I have bought one heater for waterers for those 8 to 10 weeks with real freeze potential. I have an extension cord running to the coop now but am hoping to have my small solar with battery ready which will also run an automatic door, however one piece at a time.

        As of right now I am afraid I will be hauling water for several weeks i live on a peninsula with the ocean to the east and the Chesapeake Bay to the west which helps moderate frewzing temos, but we do still get them.

      • LoneWolf

        Member
        September 21, 2022 at 6:32 pm

        if they had black container of sorts, south facing, with nipple waterers, would they not be okay a coupla hours, if they frosted up a bit? Mirrors or mylar to enhance the passive solar thermal mass effect? In a grid down, it could be nice. But what do I know. Carry on………

      • Raymond

        Member
        September 21, 2022 at 10:02 pm

        An idea for preventing chickens water from freezing is using an aquarium heater in the water bowl.

  • Hippocrates_Garden

    Member
    September 21, 2022 at 8:02 pm

    Why do you feel you need a uv system? Do you know exactly what it does and can verify that the problem it addresses (supposedly) you currently have? Millions of people in Australia live completely off of rainwater catchment, without half the gadgets and contraptions some feel necessary in parts of the US, even within the U.S. there are places where it’s pretty much doing what you want, somewhere a level of rain harvesting is required in new construction (at least for new roads in parts of Arizona) or it’s completely illegal.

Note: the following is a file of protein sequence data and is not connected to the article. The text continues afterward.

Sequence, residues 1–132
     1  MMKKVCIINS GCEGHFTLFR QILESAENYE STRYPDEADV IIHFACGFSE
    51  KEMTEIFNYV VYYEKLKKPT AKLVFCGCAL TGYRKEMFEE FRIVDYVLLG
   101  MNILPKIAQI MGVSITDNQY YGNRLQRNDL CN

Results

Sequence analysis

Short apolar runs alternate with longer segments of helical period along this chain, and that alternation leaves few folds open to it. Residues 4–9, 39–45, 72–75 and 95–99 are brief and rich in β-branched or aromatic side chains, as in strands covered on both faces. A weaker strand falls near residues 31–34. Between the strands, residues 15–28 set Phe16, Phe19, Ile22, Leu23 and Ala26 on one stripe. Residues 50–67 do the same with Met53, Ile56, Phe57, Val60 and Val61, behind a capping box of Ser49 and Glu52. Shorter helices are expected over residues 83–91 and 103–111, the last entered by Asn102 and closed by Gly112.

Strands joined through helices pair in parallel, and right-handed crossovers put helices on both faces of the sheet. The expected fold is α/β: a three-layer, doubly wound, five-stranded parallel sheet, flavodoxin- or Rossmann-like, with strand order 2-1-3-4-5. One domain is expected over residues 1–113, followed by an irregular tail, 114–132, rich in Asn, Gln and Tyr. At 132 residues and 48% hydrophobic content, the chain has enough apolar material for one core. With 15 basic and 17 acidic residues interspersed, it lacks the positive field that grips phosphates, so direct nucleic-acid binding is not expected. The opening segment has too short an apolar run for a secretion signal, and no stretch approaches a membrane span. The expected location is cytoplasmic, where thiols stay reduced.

Biology doesn’t change at the state or national borders, so, unless you know there is a problem that needs mitigation, why add costly gadgets? Actually today, the most likely danger in rainwater, is ubiquitous microdosing of chemicals such as Glyphosphate, which no filter or uv will address. (at least at a homeowner scale)

    • jaxmike

      Member
      September 22, 2022 at 7:32 pm

      Maybe I missed a thread? What role does Ultra Violet (UV) play in rainwater collection? Is UV a method to prevent freezing?

      Agree with keeping systems simple; less complexity = less points of failure.

      Folks should consider researching their region to determine their specific water risks so they can take the precautions they need to achieve peace of mind.

      Microdoses of Glyphosate (and other chemicals) are worthy concerns for study; especially for long-term effects on humans, animals, plants, and soil.

      However, if city or well water isn’t available and drinking rainwater will prevent dehydration, there are multiple readily-available methods to ensure one can safely drink rainwater.

      Dehydration is a bad way to go. Within days, dehydration can cause seizures, low blood volume (hypovolemic) shock, and kidney failure. Even for someone at peak health, severe dehydration can cause coma and death. Deprivation of water will kill most humans in less than 10 days.

      Bottom line, better to understand and monitor ACTUAL conditions to inform and prepare effective mitigations.

    • JeffL

      Member
      September 22, 2022 at 7:40 pm

      UV is marketed at killing ~isms, but I thought those were only a concern in standing/surface water. Agree, a test is recommended. Anyone know of any good ones?

  • MaBear

    Member
    September 22, 2022 at 7:48 pm

    We had one for our well water due to contamination.